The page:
Figure 5. Dental fluorosis and skeletal fluorosis.
Figure 6. Correlation between pH and Fluoride concentration of ground water in Banas river basin area of Jahazpur tehsil (Bhilwara, Rajasthan, India).
A lack of fluoride intake during development will not alter tooth development but may result in increased susceptibility of enamel to acid attacks eruption. However, caries is not a fluoride deficiency disease. Acute ingestion of a large fluoride does can provoke gastric and kidney disturbances, and can be lethal Whitford (2011), Acute excess fluoride intake interferes with calcium metabolism and many enzyme activities, activating both proteolytic and glycoltic functions and cell respiration by inhibiting Na+/K+ -ATPase, and can be fatal with doses of 5-10g in adults and 500mg in small children Lech (2011). Socioeconomic impact of fluorosis concentration studied in populace of study area, the percentage of fluoride debility cases found less with rising income and the impacts of poor quality water are distributed inequitably within the studied society. The social, health, and economic impacts of contaminated ground water depends on spatial distribution of fluoride, dependence of the populace on fluoride contaminated water, awareness of water quality, levels education and economic status of populace at risk. Good nourishment and medical care could be reason for this decline. Higher income group of society could escape the ill effects of fluoride contaminated water.
Low rainfall increase reaction time of fluoride bearing rocks with water and slow down the movement of water that increase fluoride content in ground waters, whereas increased rainfall decrease fluoride content. Arid climate are prone to high fluoride content. Banas river basin area of Jahazpur tehsil (Bhilwara, Rajasthan, India) is part of arid semi zone that is why higher fluoride content is present in ground water.
From this study it is conclude that fluoride is distributed nonuniformly in ground water of study area. Study revealed that 32 % village’s populace (16 area) of this area is at higher risk due to excessive intake of fluoride and 68% village’s populace 34 area) is safe from the fluoride related health hazards and the fluoride concentration range reported in ground water of Banas basin river area ranges was from 0.151 mg/l to 5.2 mg/l. The major contributory source of fluoride concentration in ground water in natural activities such as weathering of fluoride bearing rocks, rate of water flow, amount of rainfall, pH of water and climate conditions. The concentration of fluoride in ground water is inversely related to Ca- concentration in earth crust, higher concentration decrease solubility of F– because Ca binds with F– to form CaF2. The correlation study (Figure 6) of fluoride concentration with pH for ground water revealed that alkaline pH favouring higher concentration of fluoride since alkaline pH increases solubility of fluoride from minerals of fluoride Saxena & Ahmed (2003) and acidic pH favours adsorption of fluoride in clay.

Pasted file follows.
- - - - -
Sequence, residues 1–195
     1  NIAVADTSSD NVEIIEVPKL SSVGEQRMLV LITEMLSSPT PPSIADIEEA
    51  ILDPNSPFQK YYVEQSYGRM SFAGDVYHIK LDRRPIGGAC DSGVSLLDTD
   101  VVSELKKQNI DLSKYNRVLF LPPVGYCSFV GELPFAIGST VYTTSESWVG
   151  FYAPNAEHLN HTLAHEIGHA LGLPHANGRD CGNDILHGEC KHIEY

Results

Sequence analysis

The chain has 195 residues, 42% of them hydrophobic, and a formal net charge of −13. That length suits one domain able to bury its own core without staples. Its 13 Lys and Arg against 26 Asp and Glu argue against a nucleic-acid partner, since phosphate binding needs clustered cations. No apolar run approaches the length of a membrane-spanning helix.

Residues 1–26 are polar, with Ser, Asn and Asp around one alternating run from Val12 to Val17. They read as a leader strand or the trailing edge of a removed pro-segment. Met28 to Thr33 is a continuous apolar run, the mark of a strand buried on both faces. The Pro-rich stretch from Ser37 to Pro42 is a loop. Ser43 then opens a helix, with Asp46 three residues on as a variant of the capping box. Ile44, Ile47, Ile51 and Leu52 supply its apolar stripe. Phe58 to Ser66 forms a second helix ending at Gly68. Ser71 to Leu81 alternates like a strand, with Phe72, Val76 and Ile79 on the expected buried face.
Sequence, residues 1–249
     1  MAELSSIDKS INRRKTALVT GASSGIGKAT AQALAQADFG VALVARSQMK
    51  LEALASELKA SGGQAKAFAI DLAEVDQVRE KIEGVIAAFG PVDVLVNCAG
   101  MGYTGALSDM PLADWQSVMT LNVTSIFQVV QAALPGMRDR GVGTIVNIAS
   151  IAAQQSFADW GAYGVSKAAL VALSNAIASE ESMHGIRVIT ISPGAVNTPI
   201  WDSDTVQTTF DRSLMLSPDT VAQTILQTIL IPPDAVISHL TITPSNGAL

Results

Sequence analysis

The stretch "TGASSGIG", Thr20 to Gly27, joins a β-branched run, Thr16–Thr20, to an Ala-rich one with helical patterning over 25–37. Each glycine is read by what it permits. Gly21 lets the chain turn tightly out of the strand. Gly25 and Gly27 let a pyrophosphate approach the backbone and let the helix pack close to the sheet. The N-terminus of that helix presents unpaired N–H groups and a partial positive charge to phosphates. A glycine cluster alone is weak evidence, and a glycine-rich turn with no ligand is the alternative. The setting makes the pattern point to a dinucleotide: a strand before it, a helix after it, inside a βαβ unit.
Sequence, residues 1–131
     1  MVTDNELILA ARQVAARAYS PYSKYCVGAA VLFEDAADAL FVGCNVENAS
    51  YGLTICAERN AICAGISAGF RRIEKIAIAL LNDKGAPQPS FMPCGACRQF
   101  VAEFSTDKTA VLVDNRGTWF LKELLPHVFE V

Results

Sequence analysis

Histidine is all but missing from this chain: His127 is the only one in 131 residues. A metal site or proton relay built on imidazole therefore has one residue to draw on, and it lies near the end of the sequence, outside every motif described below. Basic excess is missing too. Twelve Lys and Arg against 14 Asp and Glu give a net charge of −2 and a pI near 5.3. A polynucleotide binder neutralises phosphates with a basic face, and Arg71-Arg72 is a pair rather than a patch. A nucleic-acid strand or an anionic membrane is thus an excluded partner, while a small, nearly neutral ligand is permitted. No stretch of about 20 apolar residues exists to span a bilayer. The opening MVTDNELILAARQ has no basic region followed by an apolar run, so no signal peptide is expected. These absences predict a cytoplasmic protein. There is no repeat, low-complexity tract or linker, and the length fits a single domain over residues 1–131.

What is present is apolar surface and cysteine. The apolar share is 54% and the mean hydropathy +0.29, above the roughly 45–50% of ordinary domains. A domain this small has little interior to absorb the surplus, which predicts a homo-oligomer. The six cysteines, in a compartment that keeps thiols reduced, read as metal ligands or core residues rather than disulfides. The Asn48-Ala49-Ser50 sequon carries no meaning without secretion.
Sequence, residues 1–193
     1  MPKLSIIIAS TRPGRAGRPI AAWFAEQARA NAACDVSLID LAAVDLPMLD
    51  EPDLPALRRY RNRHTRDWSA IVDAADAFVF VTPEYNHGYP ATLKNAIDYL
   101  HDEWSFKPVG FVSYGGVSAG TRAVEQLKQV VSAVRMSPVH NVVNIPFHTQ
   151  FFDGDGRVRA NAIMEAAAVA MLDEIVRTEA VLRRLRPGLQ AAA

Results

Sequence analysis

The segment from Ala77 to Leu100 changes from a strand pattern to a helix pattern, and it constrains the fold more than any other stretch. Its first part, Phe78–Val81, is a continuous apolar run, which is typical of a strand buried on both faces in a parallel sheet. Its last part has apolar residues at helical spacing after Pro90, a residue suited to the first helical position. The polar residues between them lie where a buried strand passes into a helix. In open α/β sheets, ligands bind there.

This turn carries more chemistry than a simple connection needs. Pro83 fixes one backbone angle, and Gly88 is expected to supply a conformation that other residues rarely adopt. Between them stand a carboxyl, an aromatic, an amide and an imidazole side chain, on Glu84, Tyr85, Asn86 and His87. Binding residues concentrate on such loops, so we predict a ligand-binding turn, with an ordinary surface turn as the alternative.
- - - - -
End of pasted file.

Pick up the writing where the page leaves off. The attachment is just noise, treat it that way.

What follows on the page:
In the populace of 16 area (32% samples) of study area which belong to category III, IV and V cases of fluoride health hazards reported such as morphological and physiological changes in calcified
tissues (teeth and bones), Dental fluorosis (Figure 5) which is characterized by discoloured, blackened, mottled or chalky white teeth, is a clear indication of overexposure to fluoride during childhood when the teeth were developing, Chronic intake of excessive fluoride can lead to the severe and permanent bone and joint deformations termed as skeletal fluorosis (Figure 5). No sign of fluoride deficiency have been identified, but excess concentration causes number of physiological and morphological changes in human body. Skeletal fluorosis occurs after many years of excessive fluoride intake (10-20mg/day). It increases risk of bone fracture (stiffness of joints deformities). F– is not irreversibly bound to bones WHO (1994), Khandre (2004). The partial substitution of fluoride for the OH– groups alter the mineral structural of the bone, that make bones compact and increase density and hardness but not necessarily increase the mechanical strength Chahra et al. (1999). Gastric absorption, distribution in the body and renal excretion are pH dependent. At low pH it occurs as HF and less as ionic F- Whiteford (1996). HF crosses preferentially the cell membrane than ionic F–, F– is not metabolised and not substrate for any enzyme. F– is absorbed by passive diffusion in stomach and small intestine, in stomach as HF and intestine as F–. Ca, Mg, Al and phosphorus decrease absorption of F– since they get bind with F–. Absorbed F– which not deposited in calcified tissues is mainly excreted via the kidney -60 % Villa et al. (2010). Low pH of urine reduces renal excretion of F– . Renal clearance of F– is 30.50 ml/min) in adults and via faces 10-20% of the daily excreted. The effect of fluoride contaminated water in society is distributed inequitably, and lower income group people are at high risk since there approach for recourses and good quality water is limited. Excessive fluoride intake may be prevented by using alternate sources of drinking water using surface water and rain water, consuming adequate Ca rich foods items and vitamin C, Ca and P reduce fluoride retention capacity of body. This risk can be minimised by educating the people about the fluoride toxicity and disfunctions of excessive fluoride, avoiding consuming black salt and fluoridated toothpaste, educating people about good quality water, fluoride health hazards and providing village friendly, and cheap and reliable water treatment techniques.
Authors are grateful to Head, PHED Laboratory, Hindoli (Bundi, Rajasthan) for his kind permission for analysis the samples and the anonymous reviewer for providing the valuable suggestions to improve the manuscript.